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    Categories: A & EMusic

Concert Review: Junior Brown at The Commonwealth Room

Backup bands get no respect. When they’re good, they’re taken for granted, blend into the background and are forgotten for their role in elevating the lead singer. When they’re bad, the whole show suffers. The latter was the case at the Junior Brown show at The Commonwealth Room on Friday night.

Brown, who invented and masterfully plays a guitar-lap steel hybrid he calls the guit-steel, was admittedly not on his a-game either. The show was stalled often for guitar tuning, full of dad jokes and when he bantered with the crowd his poor enunciation resulted in an experience that was like engaging in a one-sided conversation with Mush Mouth from the ’70s TV show Fat Albert.

After a slow start with “Broke Down South of Dallas” and “Party Lights,” it was clear that Brown’s band was not holding up their part of the deal. As he meandered through songs at what felt like a slower pace than usual, the band kept the rhythm at it’s typical pace—something a better band would not have done—resulting in a set that largely felt disjointed and sometimes just plain off.

Playing rhythm guitar in Brown’s band is his wife, Tanya Rae Brown, who took a turn at the mic mid-set and managed to eek out not even a bit of individuality as she sang a song in Brown’s exact style, form and wit. Look, everything is derivative. I get it. Brown himself is made up of equal parts of Ernest Tubb, Hank snow and Hank Thompson. But, Tanya could have used that moment to shine.

Shine is exactly what Brown did when he was focusing less on vocals and more on his own instrument—he’s a damn fine guitar and steel guitar player—especially on the faster-paced songs in his set. During “I Hung It Up,” he played the steel in a register that was so high pitched that it would have been hard to listen to, if it had not been so well done.

Instrumentals were aplenty at the show, in addition to his “Surf Medley,” which makes it seem like Texas and California aren’t so far apart, geographically or culturally, the band tackled some traditional five bar blues and, bizarrely, the theme song to Benny Hill (but no women were chased around trees, to my knowledge). Even during the instrumentals, and his own solo, his drummer (who’s name I cannot find on the internet) looked dead in the eyes and bored out of his mind.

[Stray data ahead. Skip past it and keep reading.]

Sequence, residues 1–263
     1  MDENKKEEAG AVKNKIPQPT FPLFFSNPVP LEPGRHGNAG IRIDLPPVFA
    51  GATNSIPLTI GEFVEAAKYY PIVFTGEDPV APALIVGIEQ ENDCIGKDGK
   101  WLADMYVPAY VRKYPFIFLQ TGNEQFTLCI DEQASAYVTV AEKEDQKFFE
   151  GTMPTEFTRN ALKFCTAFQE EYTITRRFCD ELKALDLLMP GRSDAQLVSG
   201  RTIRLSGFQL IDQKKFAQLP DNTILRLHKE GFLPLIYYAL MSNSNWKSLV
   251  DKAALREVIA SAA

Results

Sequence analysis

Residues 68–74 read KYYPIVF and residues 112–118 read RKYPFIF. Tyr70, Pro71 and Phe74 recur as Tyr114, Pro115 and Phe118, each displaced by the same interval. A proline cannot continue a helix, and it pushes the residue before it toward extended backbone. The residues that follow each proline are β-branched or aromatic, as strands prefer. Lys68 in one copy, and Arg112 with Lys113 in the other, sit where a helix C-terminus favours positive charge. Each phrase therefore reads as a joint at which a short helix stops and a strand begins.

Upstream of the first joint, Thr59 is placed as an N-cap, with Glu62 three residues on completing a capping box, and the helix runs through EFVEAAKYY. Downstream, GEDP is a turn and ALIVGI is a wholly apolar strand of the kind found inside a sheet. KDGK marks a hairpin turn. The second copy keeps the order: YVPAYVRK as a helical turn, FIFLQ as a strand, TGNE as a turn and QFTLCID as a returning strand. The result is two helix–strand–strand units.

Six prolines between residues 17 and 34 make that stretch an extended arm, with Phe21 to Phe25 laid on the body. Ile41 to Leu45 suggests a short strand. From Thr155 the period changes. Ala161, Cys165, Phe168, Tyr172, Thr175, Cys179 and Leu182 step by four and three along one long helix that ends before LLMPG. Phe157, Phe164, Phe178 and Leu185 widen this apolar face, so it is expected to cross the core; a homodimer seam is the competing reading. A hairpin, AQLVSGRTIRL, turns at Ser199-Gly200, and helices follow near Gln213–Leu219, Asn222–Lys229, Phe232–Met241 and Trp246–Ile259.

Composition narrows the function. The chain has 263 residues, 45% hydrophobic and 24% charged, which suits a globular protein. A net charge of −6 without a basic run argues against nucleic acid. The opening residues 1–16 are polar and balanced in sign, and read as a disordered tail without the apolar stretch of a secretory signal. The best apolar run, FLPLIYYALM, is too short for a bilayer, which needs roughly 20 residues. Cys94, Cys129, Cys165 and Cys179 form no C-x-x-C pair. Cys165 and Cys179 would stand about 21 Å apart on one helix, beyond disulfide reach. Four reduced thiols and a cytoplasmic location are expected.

Brown often spoke to the crowd, but generally it was in lame jokes. After “Hang Up and Drive,” a song that catered to the older demographic at the show in that “You damn kids get off my lawn!” sort of way, he told the crowd, “You need to get humbler with your Tumblr, your Tinder caused a fender-bender, your Pinterest is of no interest, your Instagram caused a traffic jam.” Though the crowd cheered each, I was left groaning in that “Dad, you’re embarrassing me in front of my friends,” kind of way.

And he closed out the set with “Secret Agent Man” and one last dad joke when he quipped, “Secret aging man…” while tipping his cowboy hat to show his male-pattern baldness. Sure, aging can be your excuse, Junior. But what was your band’s?

Christie Marcy :Christie Marcy is the managing editor at Salt Lake magazine. Though she writes about everything, she has a particular interest in arts and culture in Utah. In the summer months you will find her at any given outdoor concert on any given night. In the winter, you will find her wishing for summer. Follow her on social media at @whynotboth.